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News Release

U.S. House Prices Rise 17.4 Percent over the Last Year; Up 4.9 Percent from the First Quarter

FOR IMMEDIATE RELEASE
8/31/2021

​​​Washington, D.C. – U.S. house prices rose 17.4 percent from the second quarter of 2020 to the second quarter of 2021 according to the Federal Housing Finance Agency House Price Index (FHFA HPI®). House prices were up 4.9 percent compared to the first quarter of 2021. FHFA’s seasonally adjusted monthly index for June was up 1.6 percent from May.

“During the second quarter, house prices peaked in June with an 18.8 percent growth rate compared to a year ago,” said Dr. Lynn Fisher, Deputy Director of FHFA’s Division of Research and Statistics. “For the quarter, annual gains surpassed 20 percent in the Mountain, New England, and Pacific census divisions and in all of the top 20 metro areas.”

 housepriceindexfor2021q2.png

Significant Findings

  • House prices have risen for 40 consecutive quarters, or since September 2011.
  • House prices rose in all 50 states and the District of Columbia between the second quarters of 2020 and 2021.  The five states with the highest annual appreciation were: 1) Idaho 37.1 percent; 2) Utah 28.3 percent; 3) Arizona 23.9 percent; 4) Montana 23.7 percent; and 5) Rhode Island 23.7 percent. The states showing the lowest annual appreciation were: 1) Alaska 8.2 percent; 2) North Dakota 8.7 percent; 3) Louisiana 9.6 percent; 4) Mississippi 11.4 percent; and 5) Iowa 11.5 percent.
  • House prices rose in all of the top 100 largest metropolitan areas over the last four quarters.  Annual price increases were greatest in Boise City, ID, where prices increased by 41.1 percent.  Prices were weakest in San Francisco-San Mateo-Redwood City, CA, where they increased by 4.5 percent.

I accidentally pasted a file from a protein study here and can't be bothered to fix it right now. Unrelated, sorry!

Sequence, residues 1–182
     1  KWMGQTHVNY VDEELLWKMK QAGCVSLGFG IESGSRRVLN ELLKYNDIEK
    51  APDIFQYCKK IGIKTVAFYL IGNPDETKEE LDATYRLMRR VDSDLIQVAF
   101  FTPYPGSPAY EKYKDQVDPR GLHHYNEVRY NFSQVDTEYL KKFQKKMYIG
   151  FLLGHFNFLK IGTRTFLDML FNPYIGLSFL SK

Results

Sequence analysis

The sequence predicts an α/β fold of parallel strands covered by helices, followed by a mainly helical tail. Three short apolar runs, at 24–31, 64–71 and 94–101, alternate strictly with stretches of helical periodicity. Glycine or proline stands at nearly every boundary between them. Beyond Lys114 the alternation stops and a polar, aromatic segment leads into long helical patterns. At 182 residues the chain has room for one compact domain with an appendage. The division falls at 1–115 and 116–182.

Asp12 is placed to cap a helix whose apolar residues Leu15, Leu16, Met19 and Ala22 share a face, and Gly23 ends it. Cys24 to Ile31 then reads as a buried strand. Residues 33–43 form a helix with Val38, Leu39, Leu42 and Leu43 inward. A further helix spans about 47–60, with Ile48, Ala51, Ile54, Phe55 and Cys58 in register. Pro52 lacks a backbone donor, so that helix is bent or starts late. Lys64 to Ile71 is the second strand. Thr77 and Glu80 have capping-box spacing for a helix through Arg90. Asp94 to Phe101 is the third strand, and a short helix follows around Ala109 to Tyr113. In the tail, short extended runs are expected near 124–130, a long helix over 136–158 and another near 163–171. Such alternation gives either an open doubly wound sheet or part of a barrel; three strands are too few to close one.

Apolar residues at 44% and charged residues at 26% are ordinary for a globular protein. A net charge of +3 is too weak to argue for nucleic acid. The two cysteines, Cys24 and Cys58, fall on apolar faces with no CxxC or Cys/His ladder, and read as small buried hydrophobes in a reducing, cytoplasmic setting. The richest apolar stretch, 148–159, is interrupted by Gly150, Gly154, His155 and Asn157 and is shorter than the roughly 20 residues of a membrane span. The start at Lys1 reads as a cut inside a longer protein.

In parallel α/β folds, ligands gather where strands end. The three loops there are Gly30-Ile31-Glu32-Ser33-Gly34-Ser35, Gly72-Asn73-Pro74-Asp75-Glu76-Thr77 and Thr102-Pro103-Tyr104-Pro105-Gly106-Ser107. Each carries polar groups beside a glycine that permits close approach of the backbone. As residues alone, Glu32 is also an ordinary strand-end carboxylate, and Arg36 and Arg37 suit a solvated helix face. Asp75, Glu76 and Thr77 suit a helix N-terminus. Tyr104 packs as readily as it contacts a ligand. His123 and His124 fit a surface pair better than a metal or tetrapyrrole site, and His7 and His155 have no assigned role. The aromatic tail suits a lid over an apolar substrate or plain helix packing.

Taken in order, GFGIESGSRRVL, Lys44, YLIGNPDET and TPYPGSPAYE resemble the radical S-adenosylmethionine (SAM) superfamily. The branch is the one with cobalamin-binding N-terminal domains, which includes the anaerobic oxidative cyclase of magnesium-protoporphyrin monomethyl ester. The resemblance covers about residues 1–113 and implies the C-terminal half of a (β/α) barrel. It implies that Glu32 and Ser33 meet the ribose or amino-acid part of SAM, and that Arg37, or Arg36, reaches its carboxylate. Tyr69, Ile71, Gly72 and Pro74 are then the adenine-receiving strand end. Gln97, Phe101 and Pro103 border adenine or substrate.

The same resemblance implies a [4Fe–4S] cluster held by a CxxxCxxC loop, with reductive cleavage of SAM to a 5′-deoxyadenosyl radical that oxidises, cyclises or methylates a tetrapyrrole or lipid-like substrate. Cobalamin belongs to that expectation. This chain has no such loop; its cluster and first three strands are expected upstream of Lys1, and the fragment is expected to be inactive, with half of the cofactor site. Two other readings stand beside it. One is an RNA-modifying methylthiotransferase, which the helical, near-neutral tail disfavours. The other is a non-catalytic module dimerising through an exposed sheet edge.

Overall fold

• Of the nine census divisions, the Mountain division experienced the strongest four-quarter appreciation, posting a 22.9 percent gain between the second quarters of 2020 and 2021 and a 6.8 percent increase in the second quarter of 2021. The Mountain division has led in annual growth for 15 quarters. Annual house price appreciation was weakest in the West North Central division, where prices rose by 14.9 percent between the second quarters of 2020 and 2021. 
  • Trends in the Top 100 Metropolitan Statistical Areas are available in our interactive dashboard: https://www.fhfa.gov/DataTools/Tools/Pages/FHFA-HPI-Top-100-Metro-Area-Rankings.aspx. The first tab displays rankings while the second tab offers charts.

The FHFA HPI is the nation’s only collection of public, freely-available house price indexes that measure changes in single-family home values based on data from all 50 states and over 400 American cities that extend back to the mid-1970s. The FHFA HPI incorporates tens of millions of home sales and offers insights about house price fluctuations at the national, census division, state, metro area, county, ZIP code, and census tract levels. FHFA uses a fully transparent methodology based upon a weighted, repeat-sales statistical technique to analyze house price transaction data.

FHFA releases HPI data and reports on a quarterly and monthly basis. The flagship FHFA HPI uses seasonally adjusted, purchase-only data from Fannie Mae and Freddie Mac. Additional indexes use other data including refinances, FHA mortgages, and real property records. All the indexes, including their historic values, and information about future HPI release dates are available on FHFA’s website: https://www.fhfa.gov/HPI.

Tables and graphs showing home price statistics for metropolitan areas, states, census divisions, and the U.S. are included on the following pages. 

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The Federal Housing Finance Agency regulates Fannie Mae, Freddie Mac and the 11 Federal Home Loan Banks. These government-sponsored enterprises provide nearly $7.2 trillion in funding for the U.S. mortgage markets and financial institutions. Additional information is available at www.FHFA.gov, on Twitter, @FHFA, YouTube, Facebook, and LinkedIn.
Contacts:

​Media:  Adam Russell Adam.Russell@FHFA.gov / Raffi Williams Raffi.Williams@FHFA.gov​​

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